Women of GlobalStep: Meet Elaine Soares, Director of HR in Montreal
In honor of Women’s History Month, in the following weeks we will be sharing stories of some of the amazing women who work at GlobalStep. Today, we are featuring Elaine Soares’ story, who joined in January 2022 as the Director of Human Resources in Montreal, Canada. What follows is a Q&A edited for clarity and length.
- Why did you choose to work in the video game industry?
Actually, it’s the first time for me working in the gaming industry. I have a lot of experience in the IT industry, in Services and Digital Marketing. It’s a very entertaining and fast-paced industry. Through my previous work, I had several contacts and opportunities to collaborate with the gaming industry, which is very strong in Montreal. We worked with some very talented people. My previous director was a former employee at GlobalStep, so when she knew that they were looking for someone, she introduced us. And I think that more than the gaming aspect, it was the approach at GlobalStep that drew me in.
- Can you tell me more about your background?
My background is not in gaming, though I really enjoy this industry and find it very dynamic.
Today, I’m in charge of HR in Montreal. My background is in psychology. I have an MBA in HR and I have been working in HR for the last 20 years.
- Do you play any video games?
Truth be told, I don’t. But I do have a big gamer at home: he loves hockey! He just loves playing hockey on the PlayStation.
- What would your advice be for women entering the video game industry?
I think that in order to enjoy working in this industry, you have to enjoy working in a very fast-speed environment. And, in an environment that requires a lot of confidentiality. It’s interesting, because while we’re working and collaborating with very big brands and hugely known franchises operating worldwide, we cannot publish that.
I think this is the perfect place for technical women who enjoy working in places where they feel comfortable preparing and organizing things ahead of time. If you want to be ahead of what’s going on, this is the place for you. For many employees, this is part of the motivation behind their work. When we are set to release something on the market in six months, many of our employees have already tested and are familiar with the game or product. It’s a very dynamic and exciting environment, and it’s very diverse, which is super interesting. In this industry, you have the opportunity to work with leading gaming industries worldwide, but you have to be conscious of confidentiality.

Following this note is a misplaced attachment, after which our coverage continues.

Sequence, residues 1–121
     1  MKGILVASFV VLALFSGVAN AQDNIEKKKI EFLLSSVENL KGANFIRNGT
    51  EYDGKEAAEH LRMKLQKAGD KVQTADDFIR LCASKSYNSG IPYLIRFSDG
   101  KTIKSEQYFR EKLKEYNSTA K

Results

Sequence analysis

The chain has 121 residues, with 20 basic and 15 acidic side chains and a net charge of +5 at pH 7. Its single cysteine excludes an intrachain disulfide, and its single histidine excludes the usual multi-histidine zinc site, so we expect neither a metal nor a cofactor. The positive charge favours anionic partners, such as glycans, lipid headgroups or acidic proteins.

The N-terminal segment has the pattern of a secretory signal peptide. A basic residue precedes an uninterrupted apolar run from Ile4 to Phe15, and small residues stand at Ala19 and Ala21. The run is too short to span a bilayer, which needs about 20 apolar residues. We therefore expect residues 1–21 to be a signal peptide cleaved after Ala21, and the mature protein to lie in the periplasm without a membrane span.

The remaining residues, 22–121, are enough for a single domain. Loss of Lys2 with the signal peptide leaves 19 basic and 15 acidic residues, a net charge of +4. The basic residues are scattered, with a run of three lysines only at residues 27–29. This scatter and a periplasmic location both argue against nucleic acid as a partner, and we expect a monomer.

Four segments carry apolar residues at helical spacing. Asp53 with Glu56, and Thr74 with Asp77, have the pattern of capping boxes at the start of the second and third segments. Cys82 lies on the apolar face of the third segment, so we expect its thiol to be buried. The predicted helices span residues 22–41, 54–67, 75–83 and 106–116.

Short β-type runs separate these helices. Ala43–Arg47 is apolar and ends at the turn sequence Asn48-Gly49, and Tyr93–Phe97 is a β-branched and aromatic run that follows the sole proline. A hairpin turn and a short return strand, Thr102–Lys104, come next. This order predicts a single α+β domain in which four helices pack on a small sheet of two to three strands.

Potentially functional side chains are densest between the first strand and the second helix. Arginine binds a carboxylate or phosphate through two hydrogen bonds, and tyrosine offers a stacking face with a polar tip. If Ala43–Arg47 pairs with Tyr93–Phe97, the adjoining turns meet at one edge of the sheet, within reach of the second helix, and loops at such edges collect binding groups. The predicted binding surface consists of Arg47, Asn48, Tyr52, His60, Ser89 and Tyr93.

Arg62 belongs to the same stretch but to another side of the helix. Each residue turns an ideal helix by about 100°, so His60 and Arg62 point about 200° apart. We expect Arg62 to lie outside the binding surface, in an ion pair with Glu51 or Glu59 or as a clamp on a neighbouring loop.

- Who inspires you in life?
I could go for the big names, celebrities that I resonate with and relate to. But I’d rather talk about someone I am very close to, my father. I got my values from his example in life. He taught me so much. I also had some amazing bosses and colleagues I worked with, and they became amazing coaches and mentors, leading by example. On a personal level, my father taught me a lot, and on a professional level, I had two former HR executives, who were incredibly knowledgeable but also so very humble. They are now my friends, and part of my personal life. They were my bosses, and now, we are friends. We give each other advice and support each other. Today, I see them at global conferences, and it feels surreal that they used to be my bosses and managers.
- What would you tell women who would like to explore a role or industry that is traditionally male dominated, like gaming?
Do not feel intimidated. It can be intimidating, stepping into an industry where the majority of employees are male. Don’t be intimidated. Forget everything that anyone might have told you. You are capable the same way as anyone else. So just go for it. And do not listen to the people who try to demotivate you.
- Why did you choose your role, specifically? And what is different about HR in the gaming industry versus the industries you were working in before?
I think that the most important thing is to understand what’s important in this industry and which elements you should become more familiar with in order to be successful.
For me, I keep asking what do I specifically need to understand in gaming? What is the best business acumen that I have to acquire in order to succeed with my expertise? If I do not understand the needs of my business partners, and if I cannot understand when a client has a last-minute request that arrives in my department, it’s just a cascade effect if it’s not handled properly.
I want to be able to adapt myself, my deliveries, my team, in order to respond to my business partners’ needs, and automatically, indirectly, we want to respond to our clients’ needs. Right now, we are talking about gaming, but before I worked for four years in a digital marketing industry, and I remember while being there, I knocked at the Deputy Director’s door, and asked to tell me about our industry. What do we do? What’s our challenges and who are our competitors? You know, just to contextualize our case. So that’s what’s important for us here.
I think that that’s the tip, bring the questions, knock on the technical doors and ask them. They are so generous, they love what they do. The same way that it is a pleasure for me to talk about HR, it is a pleasure for them to talk about gaming. Our deliveries, what we need, our challenges. The key, I think, is to bring the questions.
This piece is part of a series of interviews GlobalStep is conducting to showcase the talent and expertise of the wonderful women working at our organization.